Case study: How TN physicians are changing their practice

With Medicare cuts looming, many physicians vowed that they'd stop accepting Medicare patients entirely if and when the cuts went through. The thing is, even though Medicare cuts have been held off, large numbers of physicians are dropping out anyway. One example of this comes in Tennessee, where doctors are increasingly dropping out of the program. Not only are many refusing new Medicare patients, some are thinking about dropping current Medicare patients too. That's because in some cases, doctors aren't even getting paid enough to cover their expenses, they say.

The steady drop in Medicare physicians is putting a painful squeeze on the state's health system, which already includes an above-average number of Medicare beneficiaries and a below-average number of doctors who are willing to accept them. Given the current conditions, patients there may need to make dozens of calls--and wait months to be seen--to be cared for by a physician who takes Medicare.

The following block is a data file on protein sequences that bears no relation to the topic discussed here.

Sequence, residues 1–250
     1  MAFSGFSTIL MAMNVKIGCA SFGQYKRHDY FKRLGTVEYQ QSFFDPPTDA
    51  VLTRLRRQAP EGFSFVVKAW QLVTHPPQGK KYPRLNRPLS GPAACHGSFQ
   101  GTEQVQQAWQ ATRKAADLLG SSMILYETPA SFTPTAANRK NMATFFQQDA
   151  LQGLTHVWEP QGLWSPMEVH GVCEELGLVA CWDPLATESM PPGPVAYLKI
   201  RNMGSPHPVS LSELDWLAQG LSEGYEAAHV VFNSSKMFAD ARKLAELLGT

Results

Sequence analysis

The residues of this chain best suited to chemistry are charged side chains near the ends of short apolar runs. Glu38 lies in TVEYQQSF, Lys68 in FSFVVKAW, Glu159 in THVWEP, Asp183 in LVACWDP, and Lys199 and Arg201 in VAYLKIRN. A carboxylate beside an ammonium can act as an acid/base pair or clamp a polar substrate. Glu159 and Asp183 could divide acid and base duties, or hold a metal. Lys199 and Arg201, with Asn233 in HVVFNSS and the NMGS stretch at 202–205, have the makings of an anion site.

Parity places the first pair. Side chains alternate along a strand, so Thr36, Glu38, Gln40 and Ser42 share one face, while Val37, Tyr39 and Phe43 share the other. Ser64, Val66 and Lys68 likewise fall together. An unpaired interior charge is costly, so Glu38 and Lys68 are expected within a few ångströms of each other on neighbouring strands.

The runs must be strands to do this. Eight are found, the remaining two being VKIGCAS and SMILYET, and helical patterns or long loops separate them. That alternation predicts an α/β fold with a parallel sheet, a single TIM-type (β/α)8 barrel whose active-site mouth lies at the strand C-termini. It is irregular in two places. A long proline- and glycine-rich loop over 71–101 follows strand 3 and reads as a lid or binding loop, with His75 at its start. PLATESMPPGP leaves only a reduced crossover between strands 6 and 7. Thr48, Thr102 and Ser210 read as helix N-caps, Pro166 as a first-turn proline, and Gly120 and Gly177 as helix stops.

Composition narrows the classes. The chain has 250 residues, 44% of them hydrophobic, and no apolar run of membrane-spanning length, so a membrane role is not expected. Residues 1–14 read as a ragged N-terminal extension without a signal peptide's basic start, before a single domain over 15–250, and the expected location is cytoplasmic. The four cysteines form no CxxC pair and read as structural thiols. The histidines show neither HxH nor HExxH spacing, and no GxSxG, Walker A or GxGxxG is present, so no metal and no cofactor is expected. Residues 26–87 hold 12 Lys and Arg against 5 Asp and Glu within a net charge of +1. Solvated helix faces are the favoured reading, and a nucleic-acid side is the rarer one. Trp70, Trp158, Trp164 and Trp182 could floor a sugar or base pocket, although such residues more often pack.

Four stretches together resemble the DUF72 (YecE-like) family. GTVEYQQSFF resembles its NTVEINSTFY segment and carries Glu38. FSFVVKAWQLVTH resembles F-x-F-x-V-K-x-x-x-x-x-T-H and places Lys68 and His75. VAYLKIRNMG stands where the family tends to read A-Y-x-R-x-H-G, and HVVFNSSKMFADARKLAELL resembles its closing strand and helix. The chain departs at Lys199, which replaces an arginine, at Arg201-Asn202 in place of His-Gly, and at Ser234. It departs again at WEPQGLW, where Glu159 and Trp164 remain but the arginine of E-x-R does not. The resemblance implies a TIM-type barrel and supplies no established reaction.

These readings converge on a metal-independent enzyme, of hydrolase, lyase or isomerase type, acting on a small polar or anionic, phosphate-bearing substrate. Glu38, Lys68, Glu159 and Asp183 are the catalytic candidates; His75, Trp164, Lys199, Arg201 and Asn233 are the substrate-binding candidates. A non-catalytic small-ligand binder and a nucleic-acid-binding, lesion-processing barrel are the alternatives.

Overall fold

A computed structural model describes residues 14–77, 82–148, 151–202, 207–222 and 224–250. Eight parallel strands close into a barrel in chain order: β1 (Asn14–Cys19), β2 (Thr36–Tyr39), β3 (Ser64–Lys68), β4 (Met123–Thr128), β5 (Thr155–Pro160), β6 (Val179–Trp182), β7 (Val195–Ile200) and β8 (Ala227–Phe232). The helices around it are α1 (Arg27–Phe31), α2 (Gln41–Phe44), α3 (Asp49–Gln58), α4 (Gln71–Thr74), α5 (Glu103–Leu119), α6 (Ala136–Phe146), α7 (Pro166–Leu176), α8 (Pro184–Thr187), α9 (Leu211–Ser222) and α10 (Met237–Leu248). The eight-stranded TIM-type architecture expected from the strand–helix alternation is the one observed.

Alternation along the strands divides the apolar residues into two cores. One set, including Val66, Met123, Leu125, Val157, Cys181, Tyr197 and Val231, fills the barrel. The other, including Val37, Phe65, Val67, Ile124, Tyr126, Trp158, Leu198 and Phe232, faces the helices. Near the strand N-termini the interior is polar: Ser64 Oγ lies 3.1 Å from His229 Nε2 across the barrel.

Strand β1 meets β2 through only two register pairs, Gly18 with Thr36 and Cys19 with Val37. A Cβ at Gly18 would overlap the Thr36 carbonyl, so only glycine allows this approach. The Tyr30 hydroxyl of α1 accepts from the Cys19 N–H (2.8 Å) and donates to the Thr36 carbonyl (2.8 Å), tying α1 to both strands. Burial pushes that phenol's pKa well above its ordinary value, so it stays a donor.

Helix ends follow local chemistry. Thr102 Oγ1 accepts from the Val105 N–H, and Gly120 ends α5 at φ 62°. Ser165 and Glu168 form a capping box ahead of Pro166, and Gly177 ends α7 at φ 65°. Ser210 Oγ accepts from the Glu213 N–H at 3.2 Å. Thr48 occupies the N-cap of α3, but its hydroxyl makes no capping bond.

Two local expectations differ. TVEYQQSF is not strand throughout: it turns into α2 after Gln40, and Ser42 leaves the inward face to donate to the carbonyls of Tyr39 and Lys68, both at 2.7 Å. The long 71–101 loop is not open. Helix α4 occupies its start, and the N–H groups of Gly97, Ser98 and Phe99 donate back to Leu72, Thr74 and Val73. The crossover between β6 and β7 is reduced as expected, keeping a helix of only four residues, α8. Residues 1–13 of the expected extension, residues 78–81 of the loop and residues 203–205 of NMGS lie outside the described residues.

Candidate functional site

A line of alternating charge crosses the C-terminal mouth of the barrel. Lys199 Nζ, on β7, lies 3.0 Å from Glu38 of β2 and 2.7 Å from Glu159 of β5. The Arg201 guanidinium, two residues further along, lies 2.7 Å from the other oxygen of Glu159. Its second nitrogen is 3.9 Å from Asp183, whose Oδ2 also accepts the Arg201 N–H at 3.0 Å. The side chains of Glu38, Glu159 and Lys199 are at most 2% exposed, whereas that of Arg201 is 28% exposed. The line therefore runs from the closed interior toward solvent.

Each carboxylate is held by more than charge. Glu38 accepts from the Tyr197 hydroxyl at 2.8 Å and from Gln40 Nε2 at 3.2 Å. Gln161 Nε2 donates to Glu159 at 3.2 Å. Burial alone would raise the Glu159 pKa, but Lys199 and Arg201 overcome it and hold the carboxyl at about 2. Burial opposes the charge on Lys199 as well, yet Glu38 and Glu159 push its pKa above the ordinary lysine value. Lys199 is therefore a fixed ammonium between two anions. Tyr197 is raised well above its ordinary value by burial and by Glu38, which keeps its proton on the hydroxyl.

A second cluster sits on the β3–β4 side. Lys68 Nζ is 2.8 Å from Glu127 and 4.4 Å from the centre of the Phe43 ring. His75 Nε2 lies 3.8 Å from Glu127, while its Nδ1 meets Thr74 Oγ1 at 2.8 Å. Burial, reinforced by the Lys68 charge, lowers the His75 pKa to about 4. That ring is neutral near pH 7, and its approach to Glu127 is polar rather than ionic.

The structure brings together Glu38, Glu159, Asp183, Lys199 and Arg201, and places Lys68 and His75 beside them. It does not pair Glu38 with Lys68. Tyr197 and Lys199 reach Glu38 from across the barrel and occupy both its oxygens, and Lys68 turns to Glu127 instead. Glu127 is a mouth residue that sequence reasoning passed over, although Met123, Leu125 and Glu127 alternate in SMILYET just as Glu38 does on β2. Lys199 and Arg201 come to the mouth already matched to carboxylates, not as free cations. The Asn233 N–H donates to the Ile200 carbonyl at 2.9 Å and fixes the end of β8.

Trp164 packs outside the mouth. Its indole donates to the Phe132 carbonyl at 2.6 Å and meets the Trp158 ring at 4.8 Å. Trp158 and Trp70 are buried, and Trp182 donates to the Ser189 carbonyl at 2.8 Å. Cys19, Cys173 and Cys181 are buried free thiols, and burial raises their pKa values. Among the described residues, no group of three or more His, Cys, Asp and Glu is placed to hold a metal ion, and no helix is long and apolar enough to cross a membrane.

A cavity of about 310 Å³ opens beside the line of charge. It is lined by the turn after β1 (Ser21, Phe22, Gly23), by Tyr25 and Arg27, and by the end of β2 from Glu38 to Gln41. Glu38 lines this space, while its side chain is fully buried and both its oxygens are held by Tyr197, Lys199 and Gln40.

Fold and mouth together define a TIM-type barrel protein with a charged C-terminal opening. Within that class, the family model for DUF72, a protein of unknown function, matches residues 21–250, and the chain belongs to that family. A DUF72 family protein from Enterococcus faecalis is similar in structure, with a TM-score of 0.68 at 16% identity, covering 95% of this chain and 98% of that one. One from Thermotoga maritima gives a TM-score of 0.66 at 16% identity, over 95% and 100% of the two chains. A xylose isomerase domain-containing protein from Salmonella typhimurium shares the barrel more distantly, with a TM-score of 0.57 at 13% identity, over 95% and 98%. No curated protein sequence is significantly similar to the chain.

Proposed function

Ultimately, Medicare will have to adjust its payment formula, physicians say. But that won't happen without intervention from Congress, which set the current system in place in 1997. (Perhaps our new president will make some changes next year?)

To learn more about this trend:
- read this piece in The Tennessean

Related Articles:
Almost half of TX doctors opting out of Medicare
AMA fights physician Medicare cuts
Physicians see expected Medicare cut
Reimbursement rates don't impact Medicare MD access

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